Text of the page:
For me, as for many women, labour and birth is a monumental life event second to none. It takes you to the brink of your strength, courage, determination, energy and pain threshold and then it tips you completely over the edge. Your greatest fears and emotions overwhelm you and you are stretched beyond any limitations you've ever faced. The event itself is life altering. You are confronted with parts of yourself that you never even new existed (or did you?)
You do come out the other side and you KNOW for a fact that you are a HERO! It is the most profound and exhilerating experience of your life. You KNOW why it is called labour, because you have ACTUALLY laboured. You know why it is called BIRTH and it doesnt only have to do with the birth of the baby.
So yes, women have the right to choose how they wish to labour and give birth. I would, however, ask everyone who is looking to have a child to seriously consider what it is that they wish to get from the experience. At the end of the day, there will be a baby. But like a lot of things in life, its not only the outcome that is important, the process, the journey is also, how we get there is as much a part of the experience.
For me, labour and giving birth was the most amazing EVENT of my life to date. But if joking around, playing games and listening to music is as far as you want to stretch yourself then that is your right. Perhaps you expecting mums might find your way somewhere in the middle?
I will go as far as to encourage women to stretch yourselves as far as possible, you dont know what you can achieve until you try. If it simply does become too much you can go the drugs then, you'll be relieved and it will all work out ok. Or perhaps you'll find that you can go the whole way and the pleasure of holding your child and staring into their eyes for the first time will be all the sweeter for the effort you've made and the challenge you've faced and met!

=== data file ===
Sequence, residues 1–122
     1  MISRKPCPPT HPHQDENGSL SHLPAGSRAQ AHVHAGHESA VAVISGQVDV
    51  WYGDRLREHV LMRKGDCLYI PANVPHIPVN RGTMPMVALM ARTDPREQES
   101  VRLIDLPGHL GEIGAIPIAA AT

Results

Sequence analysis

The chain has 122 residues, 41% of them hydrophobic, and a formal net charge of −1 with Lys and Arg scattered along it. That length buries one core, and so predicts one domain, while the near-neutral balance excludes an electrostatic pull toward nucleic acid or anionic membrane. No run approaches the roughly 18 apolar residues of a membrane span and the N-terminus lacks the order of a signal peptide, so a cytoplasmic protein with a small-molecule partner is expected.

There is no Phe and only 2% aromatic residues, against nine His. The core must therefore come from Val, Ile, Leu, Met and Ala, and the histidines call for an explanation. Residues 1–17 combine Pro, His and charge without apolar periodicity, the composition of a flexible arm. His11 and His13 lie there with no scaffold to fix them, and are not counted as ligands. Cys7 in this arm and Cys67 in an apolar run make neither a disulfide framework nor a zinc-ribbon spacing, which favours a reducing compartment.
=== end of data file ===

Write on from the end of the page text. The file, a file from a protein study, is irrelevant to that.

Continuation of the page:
I havent wriiten this to offend or chastise anyone. I've written this because I think it is a really important topic. It seems that there is a huge swing toward drug use and other medical intervention in labour and birth.
My only objective is to hopefully instill more excitement and confidence to women in their ability to meet this amazing (and bloody scary) experience.
I would love to hear from other women who have/are having babies and their feelings about their ability to give birth and what they hoped/are hoping to experience with the event?
Perhaps this needs to become another thread somewhere?
Again, Belinda, congratulations and best wishes on becoming a Mum!
ds Sebastian 16/02/02
Posted 06 May 2003 - 10:03 AM
Heehee, I LOVE debates!!!!
First up, I'd like to mention that I was in no way offended by what was written. I do respect the opinions that others have, otherwise discussions would be no fun! So SHeebee, please don't feel that what I am about to write is all against you!
I'd like to disagree with Sheebee about current trends for childbirth. I feel that women now tend to go for a natural birth (which is a good thing!) and are in fact anti-medical intervention(which isn't always the right thing and sometimes downright dangerous). Yes, our grandmothers all did it the "natural" way, but they also accepted that death is one of the risks of having a baby. WHo in our current times even associates death with childbirth?!?!?!
Unfortunately, not all birth experiences are positive (natural & interventions both included). So why not empower women with information about their choices so that they can take control. Most women, once aware of what's available, DO end up having a natural birth because they are confident and comfortable in the fact that there are backstops should they feel that they can't cope.
What I hated seeing was when women were denied their wishes when they opted for pain relief. Too often I have heard, "you are doing so well, why don't you hang on a bit longer" until it is too late (I acknowledge that sometimes this is the right thing to say, eg when you are already 10cm dilated...) You would be surprised at how many women feel "afraid" to be seen to be wanting pain relief as they think that going natural is the right way to go. In the meantime, they are not coping and petrified of pain. Why should it be this way?